Hitting the beach
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A tussle over Trestles

Hitting the beach
Marine Corps rifleman Marc Calo holds his position on the wet sand after coming ashore on an assault vehicle at Camp Pendleton. A dispute over the Trestles surf break has divided wave riders and Marines, two groups that had become allies. (Don Bartletti, Los Angeles Times)
Stating it clearly
This not-so-subtle sign on a wire-topped fence reminds visitors that some of the access along San Onofre State Beach south of the Trestles surf break is restricted by the U.S. Marine Corps. There is a disagreement on whether the famed wave-riding spot should be listed on the National Register of Historic Places. Surfers say yes, the Marines say no. A state commission has sided with the surfers.  (Mark Boster / Los Angeles Times)
Surfers of a feather
Pelicans and gulls gather along the sand at middle Trestles, oblivious to the wetsuited surfer riding a clean wave at the famed break.  (Mark Boster / Los Angeles Times)
Training exercise
U.S. Marine Corps infantrymen from Camp Pendleton disembark from an amphibious assault vehicle after coming ashore.  (Don Bartletti / Los Angeles Times)
A train by the sea
Colorado resident Sue Hayes, with grandchildren Jackson and Alexandra Morse, watch a train pass their spot on the sand at San Onofre State Beach next to the famed Trestles surf spot. Its name comes from two train trestles that parallel the ocean.  (Mark Boster / Los Angeles Times)
When the waves beckon
The easiest way to get down to the Trestles surf break at San Onofre State Beach is to bicycle along the trail that leads under the concrete train trestles (rebuilt in 2011) that give the spot its name. In 1963, Trestles was mentioned in ¿Surfin¿ USA,¿ the Beach Boys song that became an anthem for a suddenly surf-obsessed generation. (Mark Boster / Los Angeles Times)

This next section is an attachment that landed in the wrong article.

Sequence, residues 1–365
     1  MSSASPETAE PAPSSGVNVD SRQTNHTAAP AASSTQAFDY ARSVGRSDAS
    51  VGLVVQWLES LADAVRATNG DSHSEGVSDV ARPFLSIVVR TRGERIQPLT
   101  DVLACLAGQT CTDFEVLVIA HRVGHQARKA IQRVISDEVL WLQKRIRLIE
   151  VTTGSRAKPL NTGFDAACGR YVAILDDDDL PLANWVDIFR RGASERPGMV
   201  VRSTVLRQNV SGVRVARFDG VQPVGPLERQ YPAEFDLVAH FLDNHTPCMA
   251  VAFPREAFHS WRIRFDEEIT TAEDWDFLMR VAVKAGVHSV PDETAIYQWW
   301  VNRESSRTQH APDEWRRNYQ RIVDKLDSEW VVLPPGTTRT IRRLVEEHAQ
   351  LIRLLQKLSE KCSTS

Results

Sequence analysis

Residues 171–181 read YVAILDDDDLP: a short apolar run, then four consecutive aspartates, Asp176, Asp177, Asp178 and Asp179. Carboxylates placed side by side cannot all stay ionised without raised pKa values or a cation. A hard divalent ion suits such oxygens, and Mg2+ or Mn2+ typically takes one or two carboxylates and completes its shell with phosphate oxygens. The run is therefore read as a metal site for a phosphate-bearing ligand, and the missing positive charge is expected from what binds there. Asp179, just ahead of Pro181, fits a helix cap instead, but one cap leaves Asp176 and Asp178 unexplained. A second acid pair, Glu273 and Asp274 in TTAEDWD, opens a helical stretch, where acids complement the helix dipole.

A day at the beach
Life is slow and easy for surfers who gather at Trestles. It would be the first surf spot to be listed as a historic site, state officials said. (Mark Boster / Los Angeles Times)
Ready for some face time
Local surfer Jeff Quam arrives for a day of surfing at Trestles. To wave riders, it represents seven of the primo surf breaks in the world. To Marines, the middle section of the 2.25-mile stretch of beach is an ideal location to teach grunts how to fight their away from ship to shore and inland.  (Mark Boster / Los Angeles Times)
A spot brought to you by ...
Signs posted along the trail to San Onofre State Beach and the Trestles surf break are nearly obscured by stickers, but they’re still a friendly reminder that public use of the area is courtesy of the Marine Corps.  (Mark Boster / Los Angeles Times)
Warmth near the water
Surfers warm themselves by a roaring fire at San Onofre State Beach, south of Trestles. With the San Clemente-based Surfrider Foundation in the lead, surfers petitioned to have Trestles listed on the National Register of Historic Places, for its role in the rise of ¿surf culture.¿  (Mark Boster / Los Angeles Times)
Board meetings
Surfers gather around a fire pit south of Trestles. Despite opposition from the Marine Corps and the Navy, the State Historical Resources Commission voted unanimously Feb. 8 to forward a recommendation to Washington that Trestles be listed as a historic site. (Mark Boster / Los Angeles Times)
Another surf session
A surfer walks on wet sand south of the famed break. Much of the dispute over Trestles involves whether it can be considered Southern California¿s preeminent surf spot ¿ or whether that distinction belongs to Huntington Beach, Santa Cruz or perhaps Blacks Beach in La Jolla.  (Mark Boster / Los Angeles Times)
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